Feeling Sick? When to Skip Your Workout

By Michael Scholtz, M.A., Best Life fitness expert

The start of the sneezin’ season is officially upon us. Everyday, we’re exposed to countless cold and flu bugs, and chances are, you’ll likely come down with a cold or two in the coming months. You may wonder how being under the weather will affect your workoutsds. Should you persist and head to the gym despite a runny nose and cough or should you skip it and let your body recover?

If you’re really knocked out by aches and pains and/or a fever, it’s usually an easy decision—skip your workout. In these cases, you may not even feel like getting out of bed. Your best bet: Give yourself at least 72 hours without exercise and then see how you feel. And when you do eventually go back to your routine, be sure to reduce the duration and intensity for at least one more week until you’re fully recovered.

However, if you’re feeling just a little stuffy, a bit of exercise might make you feel better. Use these guidelines to figure out whether to lace up or lay back down. (And as always, check with your doctor if you’re unsure about exercising while sick.)

Locate your illness. The first thing to consider is where you feel bad. It’s typically fine to exercise when your symptoms are above the neck—sniffles, a headache and nasal congestion are usually not serious enough to require time off. On the other hand, symptoms below the neck, including body aches, a chest cold or bronchial infections, usually mean you need a rest day or two. Definite workout killers: A fever and a sinus infection. No matter what your other symptoms are or how you feel, if you have a fever, exercise is out. A body temperature over 99 degrees means you’re already working hard to fight off something serious, and exercise will only increase the stress on your body. As for a sinus infection, working out before you’re healed can lead to much more serious problems, like pneumonia.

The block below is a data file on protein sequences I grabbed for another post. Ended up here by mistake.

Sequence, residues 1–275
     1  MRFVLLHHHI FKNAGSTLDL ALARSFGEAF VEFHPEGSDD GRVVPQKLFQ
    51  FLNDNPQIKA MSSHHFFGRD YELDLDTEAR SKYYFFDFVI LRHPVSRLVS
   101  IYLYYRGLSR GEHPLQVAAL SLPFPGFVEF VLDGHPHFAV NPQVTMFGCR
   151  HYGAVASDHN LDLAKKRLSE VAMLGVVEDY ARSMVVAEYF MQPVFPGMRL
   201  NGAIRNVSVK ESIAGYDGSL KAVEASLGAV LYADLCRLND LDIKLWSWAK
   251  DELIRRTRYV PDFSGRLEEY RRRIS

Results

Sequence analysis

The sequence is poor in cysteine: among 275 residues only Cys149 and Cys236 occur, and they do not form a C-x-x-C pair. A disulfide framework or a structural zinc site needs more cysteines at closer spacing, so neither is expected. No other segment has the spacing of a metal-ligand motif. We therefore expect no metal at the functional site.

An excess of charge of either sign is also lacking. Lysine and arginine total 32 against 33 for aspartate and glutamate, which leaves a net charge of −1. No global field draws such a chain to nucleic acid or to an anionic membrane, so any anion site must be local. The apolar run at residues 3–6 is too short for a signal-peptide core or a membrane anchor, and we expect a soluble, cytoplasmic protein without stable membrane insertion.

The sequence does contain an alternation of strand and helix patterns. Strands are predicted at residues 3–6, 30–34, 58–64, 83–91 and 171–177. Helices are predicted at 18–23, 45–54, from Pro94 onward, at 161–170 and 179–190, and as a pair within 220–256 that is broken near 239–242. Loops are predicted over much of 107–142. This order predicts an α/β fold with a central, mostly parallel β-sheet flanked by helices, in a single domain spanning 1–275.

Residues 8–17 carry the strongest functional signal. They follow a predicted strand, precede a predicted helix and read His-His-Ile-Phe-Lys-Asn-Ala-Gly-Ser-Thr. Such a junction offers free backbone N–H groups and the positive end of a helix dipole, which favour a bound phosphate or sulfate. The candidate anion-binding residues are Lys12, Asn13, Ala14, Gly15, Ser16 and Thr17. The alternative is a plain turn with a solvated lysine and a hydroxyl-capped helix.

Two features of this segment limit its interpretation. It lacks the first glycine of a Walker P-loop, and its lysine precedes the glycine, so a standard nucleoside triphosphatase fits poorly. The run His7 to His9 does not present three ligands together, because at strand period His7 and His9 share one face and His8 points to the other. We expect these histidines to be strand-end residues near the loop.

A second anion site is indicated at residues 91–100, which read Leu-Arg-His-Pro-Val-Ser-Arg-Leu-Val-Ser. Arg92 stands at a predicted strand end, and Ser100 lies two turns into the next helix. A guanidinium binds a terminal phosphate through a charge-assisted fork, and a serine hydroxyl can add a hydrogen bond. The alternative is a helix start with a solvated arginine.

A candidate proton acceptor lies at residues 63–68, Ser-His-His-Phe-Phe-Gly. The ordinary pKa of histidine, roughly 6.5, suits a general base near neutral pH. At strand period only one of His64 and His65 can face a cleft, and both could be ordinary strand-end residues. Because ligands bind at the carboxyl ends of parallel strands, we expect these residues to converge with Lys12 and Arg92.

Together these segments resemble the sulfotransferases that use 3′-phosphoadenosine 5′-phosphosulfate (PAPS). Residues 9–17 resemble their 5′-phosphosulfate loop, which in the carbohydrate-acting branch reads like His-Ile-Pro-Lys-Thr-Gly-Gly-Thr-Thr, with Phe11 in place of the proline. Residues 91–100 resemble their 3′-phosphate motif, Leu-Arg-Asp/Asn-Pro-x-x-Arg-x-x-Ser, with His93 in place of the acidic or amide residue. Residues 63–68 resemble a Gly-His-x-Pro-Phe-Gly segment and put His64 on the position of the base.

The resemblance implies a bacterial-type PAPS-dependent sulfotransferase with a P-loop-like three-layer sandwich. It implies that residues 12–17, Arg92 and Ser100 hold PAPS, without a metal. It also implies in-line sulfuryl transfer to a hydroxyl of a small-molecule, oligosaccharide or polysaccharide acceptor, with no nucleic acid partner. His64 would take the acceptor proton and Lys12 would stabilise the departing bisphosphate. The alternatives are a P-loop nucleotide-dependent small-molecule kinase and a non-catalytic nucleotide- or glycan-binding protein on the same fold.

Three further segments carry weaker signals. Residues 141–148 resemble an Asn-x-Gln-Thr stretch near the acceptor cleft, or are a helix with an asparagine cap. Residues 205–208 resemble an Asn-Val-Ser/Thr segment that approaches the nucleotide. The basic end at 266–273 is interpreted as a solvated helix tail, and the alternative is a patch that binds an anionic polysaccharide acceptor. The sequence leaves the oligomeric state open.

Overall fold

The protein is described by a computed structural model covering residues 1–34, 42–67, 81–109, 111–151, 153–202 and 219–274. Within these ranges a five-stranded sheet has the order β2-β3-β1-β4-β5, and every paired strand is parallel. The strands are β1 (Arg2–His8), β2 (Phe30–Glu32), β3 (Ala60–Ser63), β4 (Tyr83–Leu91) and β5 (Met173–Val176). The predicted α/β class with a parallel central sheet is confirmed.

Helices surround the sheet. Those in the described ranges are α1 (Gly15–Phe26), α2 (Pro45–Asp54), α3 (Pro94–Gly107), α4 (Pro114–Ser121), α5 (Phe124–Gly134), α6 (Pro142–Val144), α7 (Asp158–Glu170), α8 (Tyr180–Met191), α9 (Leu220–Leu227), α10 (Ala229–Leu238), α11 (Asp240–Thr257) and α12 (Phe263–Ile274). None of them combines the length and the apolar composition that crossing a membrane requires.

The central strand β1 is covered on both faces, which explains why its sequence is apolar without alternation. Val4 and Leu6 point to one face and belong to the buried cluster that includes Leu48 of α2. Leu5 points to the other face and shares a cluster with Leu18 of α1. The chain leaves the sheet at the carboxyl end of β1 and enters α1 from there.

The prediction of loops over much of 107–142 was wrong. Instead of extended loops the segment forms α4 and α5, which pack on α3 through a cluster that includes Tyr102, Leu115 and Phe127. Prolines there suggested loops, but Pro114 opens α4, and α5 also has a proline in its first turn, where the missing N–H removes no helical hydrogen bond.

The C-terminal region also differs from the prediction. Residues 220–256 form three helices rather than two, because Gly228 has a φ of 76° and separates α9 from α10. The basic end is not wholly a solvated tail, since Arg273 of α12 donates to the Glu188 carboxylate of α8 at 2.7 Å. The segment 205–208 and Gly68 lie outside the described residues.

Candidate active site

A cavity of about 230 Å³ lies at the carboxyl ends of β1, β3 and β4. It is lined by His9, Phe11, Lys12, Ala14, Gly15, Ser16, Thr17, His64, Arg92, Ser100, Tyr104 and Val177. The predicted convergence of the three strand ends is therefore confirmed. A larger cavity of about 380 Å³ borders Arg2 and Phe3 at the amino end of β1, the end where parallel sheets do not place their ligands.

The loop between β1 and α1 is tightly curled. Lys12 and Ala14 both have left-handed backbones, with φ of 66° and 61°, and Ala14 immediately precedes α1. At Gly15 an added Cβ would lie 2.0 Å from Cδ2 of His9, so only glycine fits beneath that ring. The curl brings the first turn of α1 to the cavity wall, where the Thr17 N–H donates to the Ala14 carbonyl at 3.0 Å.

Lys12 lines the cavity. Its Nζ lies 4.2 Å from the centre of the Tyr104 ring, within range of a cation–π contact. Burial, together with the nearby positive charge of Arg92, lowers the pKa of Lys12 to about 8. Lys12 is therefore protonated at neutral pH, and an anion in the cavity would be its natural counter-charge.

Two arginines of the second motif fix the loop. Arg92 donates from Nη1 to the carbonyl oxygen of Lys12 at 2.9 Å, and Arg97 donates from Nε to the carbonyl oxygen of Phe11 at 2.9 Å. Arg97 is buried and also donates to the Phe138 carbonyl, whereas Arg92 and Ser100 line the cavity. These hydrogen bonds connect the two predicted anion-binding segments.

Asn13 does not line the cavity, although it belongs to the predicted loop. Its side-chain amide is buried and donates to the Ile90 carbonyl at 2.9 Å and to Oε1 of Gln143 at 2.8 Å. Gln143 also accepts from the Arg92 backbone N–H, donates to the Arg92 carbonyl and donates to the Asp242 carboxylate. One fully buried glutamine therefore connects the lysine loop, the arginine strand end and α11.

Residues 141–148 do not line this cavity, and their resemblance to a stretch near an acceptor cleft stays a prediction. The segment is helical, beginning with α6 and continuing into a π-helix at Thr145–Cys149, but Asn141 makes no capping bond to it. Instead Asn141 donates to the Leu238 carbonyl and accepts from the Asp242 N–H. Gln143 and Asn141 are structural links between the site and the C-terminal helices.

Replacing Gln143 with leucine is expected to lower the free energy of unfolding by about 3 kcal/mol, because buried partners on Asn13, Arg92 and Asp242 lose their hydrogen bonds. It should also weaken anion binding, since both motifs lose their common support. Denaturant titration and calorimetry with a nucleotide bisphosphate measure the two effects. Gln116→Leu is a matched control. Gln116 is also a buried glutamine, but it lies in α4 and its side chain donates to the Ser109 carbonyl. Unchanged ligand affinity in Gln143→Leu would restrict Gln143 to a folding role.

Lighten up. If you do decide to exercise, be sure to go easy on yourself. Light exercise can actually help clear your sinuses if you’re stuffed up and may give a temporary respite from related symptoms, like coughing, sneezing and sore throat. Avoid heavy exercise, which can prolong your illness or make it worse. Ideally, you’d look to keep your intensity level similar to that of a stroll rather a Spin class.

Go solo. For those times when you decide to go ahead with exercise even though you’re a little under the weather, it’s a good idea to stay away from the gym. It’s very easy to spread germs to other exercises when you have to share space and equipment with so many people in close quarters. Instead, stick to a home workout or an outside session if weather permits.

Getting back into your routine is important not just for your weight-loss efforts but your health, too. In fact, exercise can help you ward off future colds and infections. According to exercise and immunity researcher David Nieman, Ph.D., from Appalachian State University in Boone, North Carolina, the right amount of activity will strengthen your ability to fight off illness. In one study, he found that people who exercised at a moderate pace for 40 minutes per day had half as many sick days due to colds or sore throats as those who didn’t exercise. You may also want to avoid overdoing it after your illness passes, as that can actually weaken your immune system and leave you more susceptible to future infections. Make sure to increase your exercise slowly and focus on just one variable (duration, intensity or frequency) at a time. And be aware of the symptoms of overtraining, including an increase in your resting heart rate, difficulty achieving your target heart rate during exercise, difficulty recovering from workouts and general weakness or fatigue.